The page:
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CRISPR genome editing
CRISPR genome editing

What is genome editing?

In this final week we will explore different ways of altering the human genome. This is a fascinating field with a huge potential to revolutionise medicine, but also carries risks if sufficient safeguards are not put in place to ensure the safety of these new technologies.

We will start by looking at mitochondrial donation, then move on to gene therapy, as well as gene editing. As before, we will explore the science, the ethics and the law around these technologies to gain a full insight into the benefits and repercussions of each type of intervention.

Below you will find a short introduction to these methods. Don’t worry if you don’t have a scientific background, we will not go into each technique in great technical detail as we go through the learning material for this week.

The mitochondria are DNA-containing structures found in every cell. They are often described as a cell’s battery or power source. The egg contains the highest number of mitochondria in any cell. We inherit all of our mitochondria from our mothers.

Mitochondrial donation involves the removal of the healthy nucleus from an egg containing unhealthy or mutated copies of mitochondria, and placing this nucleus into an egg that has healthy mitochondria in order to avoid passing on life threatening mitochondrial disease to the embryo. Because mitochondria are responsible for energy production, mutations in their DNA can lead to severe debilitating and fatal illnesses.

Embryos that undergo mitochondrial donation are sometimes referred to as three-parent embryos as they technically have genetic material from three individuals; the nucleus of the mother, the donated mitochondrial DNA from a donor egg, and the DNA from the father’s sperm.

However, the donated mitochondrial DNA makes up less than 0.2% of the genetic material of the embryo, so it is slightly misleading to refer to this as ‘three-parent’ embryos.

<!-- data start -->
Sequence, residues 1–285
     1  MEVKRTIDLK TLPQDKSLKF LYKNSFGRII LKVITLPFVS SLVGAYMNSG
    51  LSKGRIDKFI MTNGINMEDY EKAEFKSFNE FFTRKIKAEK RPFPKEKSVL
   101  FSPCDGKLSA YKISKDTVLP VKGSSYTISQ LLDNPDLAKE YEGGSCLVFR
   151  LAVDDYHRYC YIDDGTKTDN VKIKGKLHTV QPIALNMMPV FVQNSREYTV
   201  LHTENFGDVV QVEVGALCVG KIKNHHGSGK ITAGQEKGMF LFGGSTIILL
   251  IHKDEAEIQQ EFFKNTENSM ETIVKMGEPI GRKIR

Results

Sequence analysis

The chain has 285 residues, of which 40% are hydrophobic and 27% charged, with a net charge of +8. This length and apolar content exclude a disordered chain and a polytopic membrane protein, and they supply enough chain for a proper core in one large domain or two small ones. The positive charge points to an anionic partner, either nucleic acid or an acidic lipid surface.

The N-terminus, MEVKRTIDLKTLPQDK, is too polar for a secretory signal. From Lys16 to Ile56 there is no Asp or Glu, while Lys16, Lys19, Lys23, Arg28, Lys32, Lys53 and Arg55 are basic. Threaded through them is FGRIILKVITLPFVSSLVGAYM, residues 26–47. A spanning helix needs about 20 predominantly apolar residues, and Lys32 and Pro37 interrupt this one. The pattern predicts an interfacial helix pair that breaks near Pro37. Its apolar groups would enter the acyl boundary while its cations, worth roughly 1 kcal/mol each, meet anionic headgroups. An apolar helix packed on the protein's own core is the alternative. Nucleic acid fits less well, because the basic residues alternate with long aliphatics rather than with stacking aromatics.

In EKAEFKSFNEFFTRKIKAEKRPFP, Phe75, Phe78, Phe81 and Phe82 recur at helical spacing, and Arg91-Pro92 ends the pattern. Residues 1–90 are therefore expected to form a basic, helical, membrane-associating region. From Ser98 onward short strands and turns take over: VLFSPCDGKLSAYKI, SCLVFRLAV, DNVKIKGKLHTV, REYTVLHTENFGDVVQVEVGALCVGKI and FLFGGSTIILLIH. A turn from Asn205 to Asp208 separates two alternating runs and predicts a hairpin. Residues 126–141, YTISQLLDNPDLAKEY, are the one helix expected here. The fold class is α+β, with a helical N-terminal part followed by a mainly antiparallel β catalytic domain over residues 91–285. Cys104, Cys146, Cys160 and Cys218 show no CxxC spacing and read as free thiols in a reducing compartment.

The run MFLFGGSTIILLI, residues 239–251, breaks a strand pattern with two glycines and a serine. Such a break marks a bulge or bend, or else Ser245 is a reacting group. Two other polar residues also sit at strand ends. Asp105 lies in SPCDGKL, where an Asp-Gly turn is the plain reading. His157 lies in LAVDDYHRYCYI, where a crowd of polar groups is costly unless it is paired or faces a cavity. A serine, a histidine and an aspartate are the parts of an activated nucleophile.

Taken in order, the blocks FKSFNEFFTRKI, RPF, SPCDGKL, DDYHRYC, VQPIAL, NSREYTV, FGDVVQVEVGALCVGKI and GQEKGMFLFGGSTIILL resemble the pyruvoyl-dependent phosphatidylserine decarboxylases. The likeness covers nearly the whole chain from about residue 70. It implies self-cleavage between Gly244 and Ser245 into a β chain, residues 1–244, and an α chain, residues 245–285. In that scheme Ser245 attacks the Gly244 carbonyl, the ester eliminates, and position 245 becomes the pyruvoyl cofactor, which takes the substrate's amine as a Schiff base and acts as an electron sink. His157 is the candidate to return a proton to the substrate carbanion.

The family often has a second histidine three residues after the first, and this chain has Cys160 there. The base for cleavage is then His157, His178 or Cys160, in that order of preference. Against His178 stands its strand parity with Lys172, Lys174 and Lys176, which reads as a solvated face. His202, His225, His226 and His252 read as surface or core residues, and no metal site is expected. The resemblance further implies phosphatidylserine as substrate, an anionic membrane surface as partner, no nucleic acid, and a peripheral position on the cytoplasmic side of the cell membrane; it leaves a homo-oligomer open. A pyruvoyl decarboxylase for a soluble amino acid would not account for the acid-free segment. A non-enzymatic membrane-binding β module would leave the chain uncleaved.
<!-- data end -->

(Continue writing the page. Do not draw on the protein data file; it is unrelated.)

Gene therapy involves the insertion one or more corrective genetic vectors (packages) into a patient’s cells, in order to cure or improve the outcome of a genetic disease. Usually, these corrective vectors are designed in a laboratory and aim to produce the proteins that the individual is missing or unable to produce naturally because of a mutation in their DNA.

Gene therapy has been around for many decades, but recent years have seen some major advances.

Genome editing is the insertion, deletion or replacement of DNA at a specific site in the genome of an organism or cell. Recent advances in this field have meant that very precise alterations can be achieved through using what is often referred to as molecular scissors.

The short name for this technology is CRISPR, and although this is still at the research stage, it is already proving a powerful technique in terms of accuracy and the range of its potential applications.

These techniques could potentially enable babies to be born without inherited or acquired mutations. If so, it would be a complete revolution in terms of what medicine would be capable of.

However, because these techniques have the potential to make changes that are passed over to the next generation, these techniques may also have profound consequences both practically and ethically.

In this week, we will look at each of these technologies in turn and then look at the challenges they pose.

For your discussion: Before we launch into the details of each of these methods, please give your views on what you think are the benefits that these technologies might bring. Why would it potentially be important to pursue them?

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This article is from the free online course:

Making Babies in the 21st Century

UCL (University College London)